By Martin Morris
Agency says insurer’s competitive position negatively impacted by regulatory changes.
Standard & Poor’s said on Wednesday it has lowered its long-term counterparty credit and insurer financial strength ratings on Muscat-based insurer Oman United Insurance to 'BBB-' from 'BBB'. The outlook is stable.
"The downgrade reflects our view that despite remaining Oman's second-largest insurer OUIC's business profile has weakened as a result of a decline in its competitive position," said S&P credit analyst Neil Gosrani.
The agency said this is due to attempts to substantially increase motor rates following the authorities' introduction of a unified motor policy in July 2008, and from more constrained distribution given the withdrawal from an existing agreement.
In addition, the company suffered some management instability in 2008 and new strategies now need to be implemented.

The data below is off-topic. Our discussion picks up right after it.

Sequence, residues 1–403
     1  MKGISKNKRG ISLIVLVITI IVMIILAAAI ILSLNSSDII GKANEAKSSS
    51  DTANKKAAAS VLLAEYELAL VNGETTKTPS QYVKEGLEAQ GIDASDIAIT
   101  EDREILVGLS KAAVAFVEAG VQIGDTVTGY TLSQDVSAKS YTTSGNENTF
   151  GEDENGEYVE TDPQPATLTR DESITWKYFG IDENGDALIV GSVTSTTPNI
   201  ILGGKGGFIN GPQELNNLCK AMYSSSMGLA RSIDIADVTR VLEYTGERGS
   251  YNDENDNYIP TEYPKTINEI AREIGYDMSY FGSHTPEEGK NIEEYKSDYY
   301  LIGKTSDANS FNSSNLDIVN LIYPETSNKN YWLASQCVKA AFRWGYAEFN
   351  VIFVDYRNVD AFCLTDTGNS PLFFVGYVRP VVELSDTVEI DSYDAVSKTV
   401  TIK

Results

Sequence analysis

Weak operating performance, particularly from the motor book of business, has placed pressure on the company's current earnings and combined with weakness in the local equity market has put downward pressure on OUIC's risk-adjusted capital adequacy, S&P added.
In 2008 OUIC recorded about OMR6 million of fair-value asset losses and impairments on investments, although shareholders' capital remains 'satisfactory' at OMR15.5 million at March 31, 2009 "The stable outlook on OUIC reflects our view that capital adequacy and operating performance will gradually improve as the company brings greater selectivity and therefore greater stability to its underwriting performance," added Gosrani.
Although unlikely, an outlook revision to negative may result from a decline in capital adequacy, which may be due to continued underwriting underperformance or depressed equity markets.
A positive ratings movement is unlikely during the outlook period and would require the rebuilding of a stable track record both in technical performance and in management and business strategies, the agency noted.